I've been de-programmed off Apple for more than a decade now. I'm no Apple fan boy anymore. I've learned my lesson. It's amusing to me to see Apple's minor resurgence in popularity, or is it more of an anti-vote against Microsoft.
I was an Apple and Mac zealot when there really was a significant difference in technology and user experience between Apple and Microsoft. That was when Windows was a poor substitute for the experience the Mac OS delivered. But around the time of Windows 95, things changed. The Mac became almost as unstable and complicated to run as Windows 95. The gap closed considerably, making the tradeoffs no longer worth the price of being right, or using a "better" windowed operating system. I paid a big price by sticking with Apple for so long, and I learned some lessons about what I value.
My number one gripe, and still is today, is Apple's attitude towards closed hardware. The PC has so many more options available, whether it be hardware, software or peripherals. The Macbook Air proved again Apple's arrogance about closed hardware. Same with the iPhone. Who wants to be without their laptop or phone while their battery is being replaced. And we know Apple's track record of poor batteries in their products. Even the iPhone's software was closed until Apple finally began opening it up for third party developers.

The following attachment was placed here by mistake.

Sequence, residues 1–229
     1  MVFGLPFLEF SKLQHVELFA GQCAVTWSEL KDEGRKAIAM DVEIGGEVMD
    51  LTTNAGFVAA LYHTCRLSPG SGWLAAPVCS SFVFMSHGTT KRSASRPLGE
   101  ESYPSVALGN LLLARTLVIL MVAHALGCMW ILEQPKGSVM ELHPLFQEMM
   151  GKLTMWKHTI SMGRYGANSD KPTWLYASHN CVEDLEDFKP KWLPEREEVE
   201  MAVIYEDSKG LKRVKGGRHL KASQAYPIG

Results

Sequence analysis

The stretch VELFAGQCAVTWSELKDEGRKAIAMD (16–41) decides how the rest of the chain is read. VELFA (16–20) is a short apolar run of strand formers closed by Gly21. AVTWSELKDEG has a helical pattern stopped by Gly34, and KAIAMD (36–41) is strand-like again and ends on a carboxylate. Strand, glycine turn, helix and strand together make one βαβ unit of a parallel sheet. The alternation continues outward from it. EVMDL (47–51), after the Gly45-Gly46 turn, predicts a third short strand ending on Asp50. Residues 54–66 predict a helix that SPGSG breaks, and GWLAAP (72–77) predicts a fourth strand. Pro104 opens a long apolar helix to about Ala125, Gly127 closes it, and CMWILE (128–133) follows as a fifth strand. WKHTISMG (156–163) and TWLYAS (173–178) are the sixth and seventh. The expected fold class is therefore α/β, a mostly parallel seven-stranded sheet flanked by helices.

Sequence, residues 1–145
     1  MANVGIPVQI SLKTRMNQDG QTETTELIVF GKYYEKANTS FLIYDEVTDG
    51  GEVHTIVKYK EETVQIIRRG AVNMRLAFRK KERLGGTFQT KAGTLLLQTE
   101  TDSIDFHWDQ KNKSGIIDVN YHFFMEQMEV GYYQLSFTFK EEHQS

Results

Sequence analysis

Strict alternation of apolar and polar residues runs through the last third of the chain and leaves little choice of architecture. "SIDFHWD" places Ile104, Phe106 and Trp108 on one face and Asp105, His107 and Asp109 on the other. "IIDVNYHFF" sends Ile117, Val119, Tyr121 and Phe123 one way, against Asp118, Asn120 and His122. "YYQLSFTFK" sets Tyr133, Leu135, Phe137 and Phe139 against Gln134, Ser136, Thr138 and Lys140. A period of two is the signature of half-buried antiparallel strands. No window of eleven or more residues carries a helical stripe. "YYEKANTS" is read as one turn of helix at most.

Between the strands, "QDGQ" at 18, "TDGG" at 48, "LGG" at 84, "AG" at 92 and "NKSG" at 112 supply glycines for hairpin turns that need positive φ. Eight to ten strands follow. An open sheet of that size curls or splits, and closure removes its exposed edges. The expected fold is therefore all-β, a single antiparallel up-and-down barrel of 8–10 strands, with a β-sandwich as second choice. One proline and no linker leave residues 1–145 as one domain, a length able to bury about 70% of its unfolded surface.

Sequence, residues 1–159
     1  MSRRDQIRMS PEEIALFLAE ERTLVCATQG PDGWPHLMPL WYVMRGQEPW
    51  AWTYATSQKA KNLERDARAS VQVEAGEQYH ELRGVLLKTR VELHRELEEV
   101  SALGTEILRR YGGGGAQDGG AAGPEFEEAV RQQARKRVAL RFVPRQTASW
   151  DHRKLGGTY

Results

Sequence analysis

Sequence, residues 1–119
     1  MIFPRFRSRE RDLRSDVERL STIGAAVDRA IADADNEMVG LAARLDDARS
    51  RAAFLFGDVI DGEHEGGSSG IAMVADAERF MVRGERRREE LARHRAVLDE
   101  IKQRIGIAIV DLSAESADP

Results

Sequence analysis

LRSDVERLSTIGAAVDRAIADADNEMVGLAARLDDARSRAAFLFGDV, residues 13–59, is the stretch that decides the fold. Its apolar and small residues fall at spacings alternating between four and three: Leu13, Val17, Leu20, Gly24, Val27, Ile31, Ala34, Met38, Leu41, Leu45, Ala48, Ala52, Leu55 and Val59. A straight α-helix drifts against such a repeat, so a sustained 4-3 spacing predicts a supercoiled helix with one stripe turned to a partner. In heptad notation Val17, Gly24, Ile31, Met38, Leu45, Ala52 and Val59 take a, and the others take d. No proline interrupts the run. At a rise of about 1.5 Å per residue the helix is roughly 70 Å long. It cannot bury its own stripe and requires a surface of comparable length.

It think the thing I learned most from those experiences, good and bad, of being an Apple zealot is that I highly value choice. I value choice and freedom to choose the hardware, operating system, software, etc., that I want. I don't want to be limited to what Apple chooses to sell me. And, I like lots of choices, not just a few. I like having five, ten or more options to chose from when I'm buying software, not one or two.
What's ironic is now that I don't wear my Apple fan boy glasses anymore, today Apple looks more like the company Apple fought against in the "1984 doesn't have to be like 1984" commercial.
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